folly to which Yahoos are subject, if their natures had been capable
of the least disposition to virtue or wisdom: yet so far have you been
from answering my expectation in any of your letters, that on the
contrary you are loading our carrier every week with libels, and keys,
and reflections, and memoirs, and second parts; wherein I see myself
accused of reflecting upon great states-folk, of degrading human
nature (for so they have still the confidence to style it), and of
abusing the female sex. I find likewise that the writers of those
bundles are not agreed among themselves; for some of them will not
allow me to be author of my own travels; and others make me author
of books to which I am wholly a stranger.
I find likewise that your printer hath been so careless as to
confound the times, and mistake the dates of my several voyages and
returns; neither assigning the true year, or the true month, or day of
the month: and I hear the original manuscript is all destroyed since
the publication of my book. Neither have I any copy left: however I
have sent you some corrections, which you may insert, if ever there
should be a second edition: and yet I cannot stand to them, but
shall leave that matter to my judicious and candid readers, to
adjust it as they please.
I hear some of our sea-Yahoos find fault with my sea-language, as
not proper in many parts, nor now in use. I cannot help it. In my
first voyages, while I was young, I was instructed by the oldest
mariners, and learned to speak as they did. But I have since found
that the sea-Yahoos are apt, like the land ones, to become new-fangled
in their words, which the latter change every year, insomuch as I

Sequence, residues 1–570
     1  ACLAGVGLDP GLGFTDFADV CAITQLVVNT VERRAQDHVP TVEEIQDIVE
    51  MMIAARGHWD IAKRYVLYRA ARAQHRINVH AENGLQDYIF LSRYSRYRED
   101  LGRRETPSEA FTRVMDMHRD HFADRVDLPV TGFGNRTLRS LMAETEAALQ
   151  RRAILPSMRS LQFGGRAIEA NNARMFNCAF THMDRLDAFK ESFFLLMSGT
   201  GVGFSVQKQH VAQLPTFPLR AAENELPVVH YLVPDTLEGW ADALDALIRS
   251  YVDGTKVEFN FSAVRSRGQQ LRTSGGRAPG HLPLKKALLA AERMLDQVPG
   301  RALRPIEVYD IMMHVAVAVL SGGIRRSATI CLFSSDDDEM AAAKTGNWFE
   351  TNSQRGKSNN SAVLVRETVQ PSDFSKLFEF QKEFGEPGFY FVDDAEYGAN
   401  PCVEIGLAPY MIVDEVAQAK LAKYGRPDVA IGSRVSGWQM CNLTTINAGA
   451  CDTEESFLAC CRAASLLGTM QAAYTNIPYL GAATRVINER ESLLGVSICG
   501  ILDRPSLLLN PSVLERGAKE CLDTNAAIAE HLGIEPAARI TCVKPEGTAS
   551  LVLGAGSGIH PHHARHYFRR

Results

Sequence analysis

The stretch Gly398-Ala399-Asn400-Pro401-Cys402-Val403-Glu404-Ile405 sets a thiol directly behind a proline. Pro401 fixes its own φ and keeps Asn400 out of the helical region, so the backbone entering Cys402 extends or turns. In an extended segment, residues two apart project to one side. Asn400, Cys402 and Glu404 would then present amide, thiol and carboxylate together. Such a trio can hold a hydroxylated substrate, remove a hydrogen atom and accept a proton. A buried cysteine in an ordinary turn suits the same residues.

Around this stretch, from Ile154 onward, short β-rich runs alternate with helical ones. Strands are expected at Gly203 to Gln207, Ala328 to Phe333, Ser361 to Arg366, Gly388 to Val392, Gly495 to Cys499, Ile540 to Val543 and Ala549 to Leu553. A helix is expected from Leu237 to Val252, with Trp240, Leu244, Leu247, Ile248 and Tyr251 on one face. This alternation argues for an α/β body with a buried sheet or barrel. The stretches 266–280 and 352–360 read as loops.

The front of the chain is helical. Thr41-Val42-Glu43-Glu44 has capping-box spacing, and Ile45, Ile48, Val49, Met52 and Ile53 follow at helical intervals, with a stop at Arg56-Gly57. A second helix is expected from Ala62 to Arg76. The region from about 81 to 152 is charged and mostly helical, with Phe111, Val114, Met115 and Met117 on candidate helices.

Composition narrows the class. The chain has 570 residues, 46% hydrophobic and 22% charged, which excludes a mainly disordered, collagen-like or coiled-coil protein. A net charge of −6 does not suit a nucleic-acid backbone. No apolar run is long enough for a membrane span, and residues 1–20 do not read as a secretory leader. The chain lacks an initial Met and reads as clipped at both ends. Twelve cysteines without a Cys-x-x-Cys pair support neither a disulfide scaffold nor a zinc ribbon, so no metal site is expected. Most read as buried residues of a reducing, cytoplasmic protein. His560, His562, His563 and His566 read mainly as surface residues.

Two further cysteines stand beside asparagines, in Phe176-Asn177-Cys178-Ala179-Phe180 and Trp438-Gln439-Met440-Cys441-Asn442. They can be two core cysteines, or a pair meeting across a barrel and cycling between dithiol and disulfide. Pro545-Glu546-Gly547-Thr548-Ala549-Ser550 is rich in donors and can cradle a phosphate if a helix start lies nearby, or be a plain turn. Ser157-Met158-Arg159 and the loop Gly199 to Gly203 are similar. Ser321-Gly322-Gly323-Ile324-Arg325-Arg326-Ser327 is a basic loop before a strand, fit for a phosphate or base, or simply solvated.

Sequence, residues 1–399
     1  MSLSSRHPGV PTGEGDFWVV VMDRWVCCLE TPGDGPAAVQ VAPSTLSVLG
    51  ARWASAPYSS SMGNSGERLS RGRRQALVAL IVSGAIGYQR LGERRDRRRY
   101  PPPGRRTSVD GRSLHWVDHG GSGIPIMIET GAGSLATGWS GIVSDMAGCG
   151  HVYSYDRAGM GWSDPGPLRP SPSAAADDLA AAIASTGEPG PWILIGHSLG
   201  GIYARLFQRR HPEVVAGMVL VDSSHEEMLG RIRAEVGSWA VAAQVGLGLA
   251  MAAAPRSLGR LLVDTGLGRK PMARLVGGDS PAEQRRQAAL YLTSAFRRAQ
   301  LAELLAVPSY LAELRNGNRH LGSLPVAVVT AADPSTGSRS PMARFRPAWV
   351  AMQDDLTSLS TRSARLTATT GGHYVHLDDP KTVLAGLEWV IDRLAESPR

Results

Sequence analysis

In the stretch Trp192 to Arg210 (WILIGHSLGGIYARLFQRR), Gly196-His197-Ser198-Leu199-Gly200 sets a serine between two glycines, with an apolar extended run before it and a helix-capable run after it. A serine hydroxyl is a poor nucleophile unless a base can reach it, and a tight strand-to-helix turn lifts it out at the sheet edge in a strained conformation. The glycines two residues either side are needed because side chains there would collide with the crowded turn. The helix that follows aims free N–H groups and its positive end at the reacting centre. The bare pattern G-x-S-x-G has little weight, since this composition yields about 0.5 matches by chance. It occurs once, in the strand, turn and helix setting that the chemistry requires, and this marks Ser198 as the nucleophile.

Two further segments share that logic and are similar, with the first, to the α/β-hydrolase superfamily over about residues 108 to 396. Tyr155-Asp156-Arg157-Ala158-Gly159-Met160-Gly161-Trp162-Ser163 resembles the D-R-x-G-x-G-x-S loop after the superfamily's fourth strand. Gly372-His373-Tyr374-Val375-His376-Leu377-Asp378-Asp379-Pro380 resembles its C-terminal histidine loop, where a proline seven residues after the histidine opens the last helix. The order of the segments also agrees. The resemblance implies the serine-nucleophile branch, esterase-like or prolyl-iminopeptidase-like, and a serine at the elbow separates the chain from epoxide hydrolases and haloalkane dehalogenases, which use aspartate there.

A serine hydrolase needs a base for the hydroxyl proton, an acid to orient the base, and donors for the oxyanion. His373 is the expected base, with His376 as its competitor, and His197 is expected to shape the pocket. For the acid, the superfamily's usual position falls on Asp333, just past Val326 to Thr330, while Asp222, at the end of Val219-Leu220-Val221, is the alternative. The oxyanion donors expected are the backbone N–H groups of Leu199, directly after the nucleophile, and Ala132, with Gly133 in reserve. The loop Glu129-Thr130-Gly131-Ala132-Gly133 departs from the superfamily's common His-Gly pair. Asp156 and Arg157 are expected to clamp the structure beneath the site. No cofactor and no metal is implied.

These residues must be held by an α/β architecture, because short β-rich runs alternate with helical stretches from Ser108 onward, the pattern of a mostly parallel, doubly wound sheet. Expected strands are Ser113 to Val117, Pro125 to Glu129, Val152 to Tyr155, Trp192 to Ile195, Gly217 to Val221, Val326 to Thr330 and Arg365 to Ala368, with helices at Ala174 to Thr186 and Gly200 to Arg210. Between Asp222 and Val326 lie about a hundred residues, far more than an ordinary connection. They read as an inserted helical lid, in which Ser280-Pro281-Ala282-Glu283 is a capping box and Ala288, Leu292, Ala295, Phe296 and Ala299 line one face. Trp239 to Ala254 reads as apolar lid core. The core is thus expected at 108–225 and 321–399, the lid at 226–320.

remember upon each return to my own country their old dialect was so
altered that I could hardly understand the new. And I observe, when
any Yahoo comes from London out of curiosity visit me at my own house,
we neither of us are able to deliver our conceptions in a manner
intelligible to the other.
If the censure of Yahoos could any way affect me, I should have
great reason to complain that some of them are so bold as to think
my book of travels a mere fiction out of my own brain, and have gone
so far as to drop hints that the Houyhnhnms and Yahoos have no more
existence than the inhabitants of Utopia.
Indeed I must confess, that as to the people of Lilliput,
Brobdingrag (for so the word should have been spelt, and not
erroneously Brobdingnag), and Laputa, I have never yet heard of any
Yahoo so presumptuous as to dispute their being, or the facts I have
related concerning them; because the truth immediately strikes every
reader with conviction. And is there less probability in my account of
the Houyhnhnms or Yahoos, when it is manifest as to the latter,
there are so many thousands even in this city, who only differ from
their brother brutes in Houyhnhnm-land, because they use a sort of a
jabber, and do not go naked? I wrote for their amendment, and not
their approbation. The united praise of the whole race would be of
less consequence to me than the neighing of those two degenerate
Houyhnhnms I keep in my stable; because from these, degenerate as they
are, I still improve in some virtues, without any mixture of vice.
Do these miserable animals presume to think that I am so far
degenerated as to defend my veracity? Yahoo as I am, it is well
known through all Houyhnhnm-land, that by the instructions and example
of my illustrious master I was able in the compass of two years
(although I confess with the utmost difficulty) to remove that
infernal habit of lying, shuffling, deceiving, and equivocating, so
deeply rooted in the very souls of all my species, especially the
Europeans.
I have other complaints to make upon this vexatious occasion; but
I forbear troubling myself or you any further. I must freely
confess, that since my last return some corruptions of my Yahoo nature
have revived in me by conversing with a few of your species, and
particularly those of my own family, by an unavoidable necessity; else
I should never have attempted so absurd a project as that of reforming
the Yahoo race in this kingdom; but I have now ...